Spatchcock a chicken for a moist, juicy bird with perfect skin. This recipe uses soy sauce, marmalade, ginger, and garlic for a bittersweet glaze that caramelizes in the oven. Serve with a side of roasted broccolini and maybe a bit of rice to get all the sauce of the skin.
By Sonja Bradfield
A roasted whole chicken is the ultimate comfort food for many people. To be honest, chicken is my least favorite kind of poultry after turkey (it’s so dry!) and well seasoned and/or crispy skin makes or breaks poultry for me. It’s all about the skin. I’m ashamed to say that at Thanksgiving, I’m only eating a bit of dark meat and mostly skin.
However, in the past year I’ve enjoyed roasting whole chickens by spatchcocking them. You cut out their backbones, flip them and crack down on the breast and cook the chicken in one flat layer. Make sure to save the backbone to throw in a pot later to make some stock. Spatchcocking has two great advantages: the chicken cooks evenly since it’s all about the same size and the maximum amount of skin can be exposed to the heat of an oven, leading to the most flavorful outer layer. Gone are the days of unseasoned skin hidden beneath the bird and overcooked breast meat. This method produces a moist, juicy bird and delicious skin. This time I basted it with a combination of soy sauce, marmalade, ginger, and garlic. The bittersweet quality of the marmalade mixed with soy sauce creates a beautiful golden glaze that gets caramelized in the hot oven. Serve it with a side of roasted broccolini and maybe a bit of rice to get all the sauce of the skin.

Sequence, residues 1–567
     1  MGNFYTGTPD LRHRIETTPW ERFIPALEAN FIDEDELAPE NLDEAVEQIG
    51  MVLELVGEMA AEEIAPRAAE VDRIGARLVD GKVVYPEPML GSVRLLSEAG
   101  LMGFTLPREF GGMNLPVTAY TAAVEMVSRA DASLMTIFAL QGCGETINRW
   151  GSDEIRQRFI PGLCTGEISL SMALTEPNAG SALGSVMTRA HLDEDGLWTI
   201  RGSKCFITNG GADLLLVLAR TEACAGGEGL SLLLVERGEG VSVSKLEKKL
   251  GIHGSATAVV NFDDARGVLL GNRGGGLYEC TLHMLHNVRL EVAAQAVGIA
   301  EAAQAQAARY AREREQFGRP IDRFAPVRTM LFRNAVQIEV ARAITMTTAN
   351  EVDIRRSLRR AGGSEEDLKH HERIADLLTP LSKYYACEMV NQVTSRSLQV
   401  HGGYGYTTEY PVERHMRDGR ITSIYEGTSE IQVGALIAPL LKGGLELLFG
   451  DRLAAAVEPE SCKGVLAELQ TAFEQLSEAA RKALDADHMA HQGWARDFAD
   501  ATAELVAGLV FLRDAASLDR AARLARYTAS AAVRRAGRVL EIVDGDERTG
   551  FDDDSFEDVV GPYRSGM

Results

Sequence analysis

Hello there! My name is Sonja and I love food. I’m food obsessed, actually. I moved back to the US last year after living in Seoul, Korea for five years. I hope to share what I’ve learned about good eating from my time in Korea and traveling Asia. I focus on recipes that are influenced by my Korean heritage and experience as an expat in Seoul which inspired cooking recipes from home, as well as the ever changing food scene in DC and Virginia.